Xbox 360 Kernel

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Boot-up

TheSpecialist, Xboxhacker.net [1]:

Well from power-on:
1. 1BL (first bootloader, stored in CPU ROM), this loads decrypts and starts:
2. CB (2BL, 2nd bootloader, stored in NAND), this this loads decrypts and starts:
3. CD. This loads, decrypts and decompresses CE, which contains the base kernel + base HV (Hypervisor).
   It also loads decrypts and then starts:
4. CF. This loads, decrypts and decompresses CG, which contains the patches for kernel and HV.
   It then applies the patches and starts up the patched HV and then the patched kernel. Then it boots dash.

So basically it's like: 1BL -> 2BL -> patch kernel and HV and start them -> boot dashboard.

Every step also checks signature for the next step of course.

Keyvault is decrypted by the Hypervisor using the CPU Key [2].

Crypto structure

Arnezami's summary of the different crypto hashes [3]:

There are 3 kinds of verification used during boot:

- RSA signatures. CB and CF are RSA signed. No way to break this (MS has private key) basicly because it uses 
assymetric crypto. This prevents us from changing the boot code itself.
- SHA1 hash: CD, CE, CG. These hashes are contained in the RSA signed part of the previous sections and we 
can therefore not break it (also not time attackable). These can essentially be seen as extentions of the RSA 
signatures in CB and CF. Again preventing us from modyfing the boot code itself.
- SHA1-HMAC authentication. This is done in CB and CF too (but your CPU has the key). This prevents you to 
choose between released versions of the boot sections/dash etc. However this was time  attackable.

Dump Data

There are 3 essential parts of data you want to dump from the Xbox 360; the NAND flash, the fusesets, and the 1BL first bootloader. The former located in the HYNIX HY27US08281A flash and the two latter in the IBM PowerPC Xeon CPU.

NAND

There are two ways to get the NAND flash:

  • Physically read the flash using the Infectus NAND Microchip Flasher
  • Dump it from memory using the King Kong Exploit and Linux

Fusesets and 1BL

These two can only be dumped using Linux. Follow the 'Linux' section below to extract the parts.

Dumping

Infectus

Linux

Start by upgrading to a vulnerable kernel, 4532 or 4548, and patch the King Kong game ISO to load the XeLL loader from a LiveCD, here.

There are two different ways to dump the necessary data, one with dump32 to get the 1BL, CPU Key and NAND dump, and the other tmbincdump to get the true NAND dump with the correct ECC values.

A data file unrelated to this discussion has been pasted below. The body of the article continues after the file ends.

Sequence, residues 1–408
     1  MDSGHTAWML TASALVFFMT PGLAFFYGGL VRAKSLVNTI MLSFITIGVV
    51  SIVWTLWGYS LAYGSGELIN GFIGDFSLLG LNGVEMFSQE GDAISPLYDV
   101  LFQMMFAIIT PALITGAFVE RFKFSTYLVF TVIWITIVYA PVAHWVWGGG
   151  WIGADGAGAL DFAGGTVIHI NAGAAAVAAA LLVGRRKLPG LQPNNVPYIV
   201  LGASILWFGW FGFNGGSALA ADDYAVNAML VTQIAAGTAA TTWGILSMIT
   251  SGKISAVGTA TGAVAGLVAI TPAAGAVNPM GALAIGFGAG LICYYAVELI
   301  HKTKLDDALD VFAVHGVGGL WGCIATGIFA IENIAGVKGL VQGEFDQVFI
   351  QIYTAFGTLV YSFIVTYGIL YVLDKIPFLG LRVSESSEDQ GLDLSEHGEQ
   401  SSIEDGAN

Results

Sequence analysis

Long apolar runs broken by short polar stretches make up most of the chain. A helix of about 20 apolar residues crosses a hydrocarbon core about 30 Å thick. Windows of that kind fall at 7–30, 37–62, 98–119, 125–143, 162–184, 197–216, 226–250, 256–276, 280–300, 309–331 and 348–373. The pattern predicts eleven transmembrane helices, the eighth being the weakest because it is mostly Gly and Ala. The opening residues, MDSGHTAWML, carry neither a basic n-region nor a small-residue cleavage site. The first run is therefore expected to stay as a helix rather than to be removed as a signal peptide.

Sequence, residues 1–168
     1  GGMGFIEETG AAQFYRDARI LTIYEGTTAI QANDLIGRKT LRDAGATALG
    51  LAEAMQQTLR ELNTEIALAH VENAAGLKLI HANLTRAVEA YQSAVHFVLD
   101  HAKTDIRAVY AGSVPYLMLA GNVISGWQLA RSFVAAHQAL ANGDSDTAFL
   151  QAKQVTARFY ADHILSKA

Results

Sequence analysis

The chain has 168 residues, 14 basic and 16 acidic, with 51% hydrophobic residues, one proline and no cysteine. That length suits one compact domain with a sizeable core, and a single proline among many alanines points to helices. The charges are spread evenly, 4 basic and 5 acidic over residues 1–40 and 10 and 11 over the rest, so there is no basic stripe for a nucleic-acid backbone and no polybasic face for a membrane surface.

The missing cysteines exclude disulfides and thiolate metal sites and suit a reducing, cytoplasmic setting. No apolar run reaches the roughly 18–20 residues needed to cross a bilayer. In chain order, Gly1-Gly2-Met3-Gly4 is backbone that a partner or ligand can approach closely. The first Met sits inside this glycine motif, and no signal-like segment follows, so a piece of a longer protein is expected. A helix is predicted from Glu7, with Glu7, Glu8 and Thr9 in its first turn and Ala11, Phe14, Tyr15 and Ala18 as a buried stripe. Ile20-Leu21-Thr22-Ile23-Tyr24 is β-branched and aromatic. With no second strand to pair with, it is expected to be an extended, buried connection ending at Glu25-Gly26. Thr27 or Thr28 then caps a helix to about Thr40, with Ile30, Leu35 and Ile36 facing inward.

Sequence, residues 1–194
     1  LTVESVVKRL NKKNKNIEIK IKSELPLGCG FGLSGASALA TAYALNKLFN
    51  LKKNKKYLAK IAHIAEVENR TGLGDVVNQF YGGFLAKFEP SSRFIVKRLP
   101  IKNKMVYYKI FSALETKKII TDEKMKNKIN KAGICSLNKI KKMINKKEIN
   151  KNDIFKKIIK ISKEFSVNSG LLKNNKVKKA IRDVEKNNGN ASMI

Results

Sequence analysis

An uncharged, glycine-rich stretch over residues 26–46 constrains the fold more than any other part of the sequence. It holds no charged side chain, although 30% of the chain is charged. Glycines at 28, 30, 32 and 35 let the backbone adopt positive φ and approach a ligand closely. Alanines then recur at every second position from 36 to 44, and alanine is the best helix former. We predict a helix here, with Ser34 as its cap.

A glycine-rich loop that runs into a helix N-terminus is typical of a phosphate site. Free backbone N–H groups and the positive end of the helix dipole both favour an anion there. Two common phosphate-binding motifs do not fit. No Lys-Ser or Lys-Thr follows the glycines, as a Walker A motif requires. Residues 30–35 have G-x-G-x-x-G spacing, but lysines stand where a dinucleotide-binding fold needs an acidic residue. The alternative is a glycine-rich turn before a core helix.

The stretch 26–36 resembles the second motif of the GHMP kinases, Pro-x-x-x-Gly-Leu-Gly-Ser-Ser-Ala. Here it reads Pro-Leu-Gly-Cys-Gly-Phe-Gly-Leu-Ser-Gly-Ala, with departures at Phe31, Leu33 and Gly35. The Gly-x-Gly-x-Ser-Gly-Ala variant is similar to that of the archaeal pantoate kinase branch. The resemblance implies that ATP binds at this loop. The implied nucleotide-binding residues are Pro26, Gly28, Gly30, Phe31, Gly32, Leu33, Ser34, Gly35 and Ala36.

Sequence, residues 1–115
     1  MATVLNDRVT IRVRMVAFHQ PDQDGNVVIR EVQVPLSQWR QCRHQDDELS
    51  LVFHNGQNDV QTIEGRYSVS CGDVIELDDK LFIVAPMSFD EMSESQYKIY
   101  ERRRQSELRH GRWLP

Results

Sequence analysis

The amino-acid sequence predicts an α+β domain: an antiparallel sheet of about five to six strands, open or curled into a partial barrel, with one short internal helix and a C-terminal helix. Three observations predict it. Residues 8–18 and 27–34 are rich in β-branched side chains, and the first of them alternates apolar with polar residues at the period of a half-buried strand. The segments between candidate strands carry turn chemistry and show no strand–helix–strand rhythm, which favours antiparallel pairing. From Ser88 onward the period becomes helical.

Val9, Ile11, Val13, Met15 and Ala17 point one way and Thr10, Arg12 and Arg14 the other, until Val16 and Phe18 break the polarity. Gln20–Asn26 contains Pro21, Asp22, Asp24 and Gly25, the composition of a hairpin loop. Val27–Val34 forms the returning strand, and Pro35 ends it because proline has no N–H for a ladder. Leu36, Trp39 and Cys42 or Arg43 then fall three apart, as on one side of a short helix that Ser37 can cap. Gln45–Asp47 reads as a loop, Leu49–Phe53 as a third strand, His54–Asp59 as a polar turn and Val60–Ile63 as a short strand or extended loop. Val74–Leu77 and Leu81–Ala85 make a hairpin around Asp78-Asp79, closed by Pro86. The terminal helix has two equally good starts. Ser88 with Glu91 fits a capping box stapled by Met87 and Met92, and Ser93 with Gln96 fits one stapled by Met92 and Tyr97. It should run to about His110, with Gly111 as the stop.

dump32

When Linux is loaded, start one of the webbrowsers (assuming you have a network cable plugged in) and browse to this page to download arnezami's dump32.c (mirror). Save it to the desktop.

Open a new Terminal from the menus, and 'cd Desktop'. Now compile the dump32 using the following command:

gcc -o dump32 dump32.c

Dump32 Compile and Start.png

As shown, now execute the application by typing 'sudo ./dump32'. Make sure to make it executable by typing 'chmod +x' first. The application will now dump the fuses, 1bl and NAND to the current directory.

sudo ./dump32

Dump32 Finished and List.png

Backup these files to another computer through SCP, USB pen, website upload, FTP transter, or similar. I used SCP to another Mac OS X machine:

scp 1BL.BIN FUSES.TXT NAND.BIN torsten@192.168.1.3:

To SCP in from a Windows machine, download WinSCP and set a password for the root account with 'sudo passwd' and enter a password. Find the IP address of the 360 using the network tool from the menus.

tmbincdump

Get the tmbinc code (mirror) and save it to the desktop as tmbincdump.c. You have to change the writereg command from:

writereg(COMMAND, 2);

to:

writereg(COMMAND, 3);

This enables the correct mode to dump the NAND flash. Mode 2 shows all the blank and empty banks, while mode 3 only dumps the necessary data and auto corrects for bad blocks.

Compile it using:

gcc -I=/usr/include/ -O -o tmbincdump tmbincdump.c

Now execute the dumper:

sudo ./tmbincdump

The complete dump will be saved to a file named tmbincdump.bin. Transfer this to a computer using one of the methods referred to

View Content

To view the content of the dumped NAND flash download the latest version of 360 Flash Dump Tool and open the BIN file.

To decode all of the encrypted content you need the CPU Key located in the fusesets and the 1BL Key located in the CPU ROM. These are found using the King Kong shader exploit and XeLL (Xeon Linux Loader) on vulnerable firmware version, e.g 4532 and 4548, as shown above.

360 Flash Dump Tool.PNG

1BL Key

The 1BL is the 'First Boot Loader' and is stored in the ROM inside the CPU. The loader is 32KB and the 1BL key is the same for all Xbox 360 machines. To dump the 1BL you need to compile dump32.c and execute it to extract fuses.txt, nand.bin and 1bl.bin.

Due to the nature of the legality behind the static key, you have to find it yourself (think AACS). To find the key inside 1bl.bin you need to install IDA and disassemble using the PPC processor setting.

Discover the 1BL key [4]:

Start at sub_4240 and remember that encrypted data is at 0x8000_0200_C800_0000 and destination of unencrypted data is 
0x8000_0200_0001_0000 and key is 0x10 bytes long. %rtoc is 0. Don't get sidetracked digging too deeply into each and